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<?xml:namespace prefix = st1 ns = "urn:schemas-microsoft-com:office:smarttags" />Washington, D.C., July 24, 2003—The U.S. Senate yesterday approved a measure that would allow the Food and Drug Administration to require many drugs developed for adults to also be tested on children as a condition for their approval. The bill is a legislative replacement for an FDA regulation – known the Pediatric Rule – that was struck down in last year when a federal court ruled that the rule exceeded FDA’s authority. The suit had been brought by the Competitive Enterprise Institute, the Association of American Physicians and Surgeons, and Consumer Alert.<?xml:namespace prefix = o ns = "urn:schemas-microsoft-com:office:office" />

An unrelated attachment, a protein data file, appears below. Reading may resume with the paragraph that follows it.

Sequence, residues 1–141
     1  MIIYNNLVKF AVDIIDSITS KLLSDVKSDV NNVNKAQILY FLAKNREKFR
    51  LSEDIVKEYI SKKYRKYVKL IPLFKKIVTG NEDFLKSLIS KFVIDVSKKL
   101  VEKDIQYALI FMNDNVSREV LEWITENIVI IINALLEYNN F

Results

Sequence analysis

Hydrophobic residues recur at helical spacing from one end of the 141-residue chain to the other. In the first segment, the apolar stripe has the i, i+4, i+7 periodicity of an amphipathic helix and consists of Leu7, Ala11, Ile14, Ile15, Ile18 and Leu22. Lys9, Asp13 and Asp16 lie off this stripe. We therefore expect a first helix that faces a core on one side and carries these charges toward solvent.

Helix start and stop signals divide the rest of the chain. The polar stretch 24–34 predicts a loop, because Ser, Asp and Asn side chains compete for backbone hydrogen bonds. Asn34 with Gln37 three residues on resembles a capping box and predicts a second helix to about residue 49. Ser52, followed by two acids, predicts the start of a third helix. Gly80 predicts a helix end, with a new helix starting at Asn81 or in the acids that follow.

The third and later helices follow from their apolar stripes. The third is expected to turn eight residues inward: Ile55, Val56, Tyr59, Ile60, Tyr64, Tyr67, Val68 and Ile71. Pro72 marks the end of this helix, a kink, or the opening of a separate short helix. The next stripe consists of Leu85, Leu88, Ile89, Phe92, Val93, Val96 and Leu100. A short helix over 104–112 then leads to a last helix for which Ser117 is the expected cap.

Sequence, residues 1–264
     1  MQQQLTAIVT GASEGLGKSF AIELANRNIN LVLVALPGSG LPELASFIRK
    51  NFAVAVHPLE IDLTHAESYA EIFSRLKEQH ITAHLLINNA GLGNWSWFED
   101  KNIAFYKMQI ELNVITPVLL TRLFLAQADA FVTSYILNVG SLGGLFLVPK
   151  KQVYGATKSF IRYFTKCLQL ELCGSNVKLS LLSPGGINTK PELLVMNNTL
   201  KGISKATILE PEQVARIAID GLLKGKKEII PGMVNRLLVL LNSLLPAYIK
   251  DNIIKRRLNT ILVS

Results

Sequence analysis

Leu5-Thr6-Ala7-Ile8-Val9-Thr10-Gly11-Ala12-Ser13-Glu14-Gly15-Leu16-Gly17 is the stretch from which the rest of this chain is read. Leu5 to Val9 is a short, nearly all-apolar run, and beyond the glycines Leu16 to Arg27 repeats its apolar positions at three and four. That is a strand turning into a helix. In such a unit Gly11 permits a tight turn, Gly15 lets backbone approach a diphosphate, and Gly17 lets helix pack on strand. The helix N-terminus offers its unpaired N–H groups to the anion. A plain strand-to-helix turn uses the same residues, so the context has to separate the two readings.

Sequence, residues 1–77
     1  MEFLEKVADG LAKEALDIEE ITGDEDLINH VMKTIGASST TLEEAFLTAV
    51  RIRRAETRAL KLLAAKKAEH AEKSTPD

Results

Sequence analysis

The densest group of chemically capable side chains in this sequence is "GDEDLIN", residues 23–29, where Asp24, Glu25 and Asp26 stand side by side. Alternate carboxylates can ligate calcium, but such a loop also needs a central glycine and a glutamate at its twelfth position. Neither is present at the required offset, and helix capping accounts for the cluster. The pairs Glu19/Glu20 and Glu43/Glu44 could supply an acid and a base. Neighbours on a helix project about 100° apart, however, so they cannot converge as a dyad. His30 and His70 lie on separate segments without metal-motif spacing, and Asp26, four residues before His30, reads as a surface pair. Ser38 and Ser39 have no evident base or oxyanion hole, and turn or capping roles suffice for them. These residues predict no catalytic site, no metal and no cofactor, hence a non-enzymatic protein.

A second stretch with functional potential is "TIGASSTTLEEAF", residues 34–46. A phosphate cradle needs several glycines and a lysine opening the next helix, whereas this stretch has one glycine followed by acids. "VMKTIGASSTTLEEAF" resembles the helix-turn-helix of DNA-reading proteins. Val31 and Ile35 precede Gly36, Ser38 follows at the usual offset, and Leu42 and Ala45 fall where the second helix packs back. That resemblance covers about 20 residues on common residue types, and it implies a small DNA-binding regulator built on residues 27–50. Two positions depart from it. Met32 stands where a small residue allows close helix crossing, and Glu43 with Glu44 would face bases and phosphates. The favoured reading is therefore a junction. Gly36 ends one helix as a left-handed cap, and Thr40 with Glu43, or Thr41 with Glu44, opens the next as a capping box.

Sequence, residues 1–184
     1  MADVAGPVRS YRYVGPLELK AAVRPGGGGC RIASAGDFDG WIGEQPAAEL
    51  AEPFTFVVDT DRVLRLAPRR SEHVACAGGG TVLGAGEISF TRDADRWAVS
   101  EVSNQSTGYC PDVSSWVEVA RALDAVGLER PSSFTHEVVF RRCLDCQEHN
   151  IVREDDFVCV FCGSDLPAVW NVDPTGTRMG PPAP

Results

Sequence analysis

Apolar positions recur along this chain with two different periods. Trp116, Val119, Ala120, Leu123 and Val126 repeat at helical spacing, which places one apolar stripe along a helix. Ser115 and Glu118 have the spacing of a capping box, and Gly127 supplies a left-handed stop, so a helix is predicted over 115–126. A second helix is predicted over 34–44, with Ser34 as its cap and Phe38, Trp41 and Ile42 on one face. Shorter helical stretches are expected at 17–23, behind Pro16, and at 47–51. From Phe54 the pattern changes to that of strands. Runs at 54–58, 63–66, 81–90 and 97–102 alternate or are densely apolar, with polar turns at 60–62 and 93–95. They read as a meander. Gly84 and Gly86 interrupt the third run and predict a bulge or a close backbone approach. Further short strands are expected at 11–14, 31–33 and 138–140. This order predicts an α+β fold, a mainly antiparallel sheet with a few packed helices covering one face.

Under the bill, FDA could demand that drug manufacturers perform pediatric testing on adult drugs that are used “off-label” for children. Even though a drug may be labeled for use by adults only, it would have to be tested on children if there was a likelihood that pediatricians would use it. The groups opposing the bill argue that it would add yet another obstacle to the already lengthy drug approval process, and would involve FDA in regulating the actual practice of medicine.
“While this bill is couched in terms of protecting children, if enacted it would be a public health setback,” said Sam Kazman, CEI General Counsel. “It would delay new drug development, endanger the very concept of off-label use, and create health risks for parents and children alike.”
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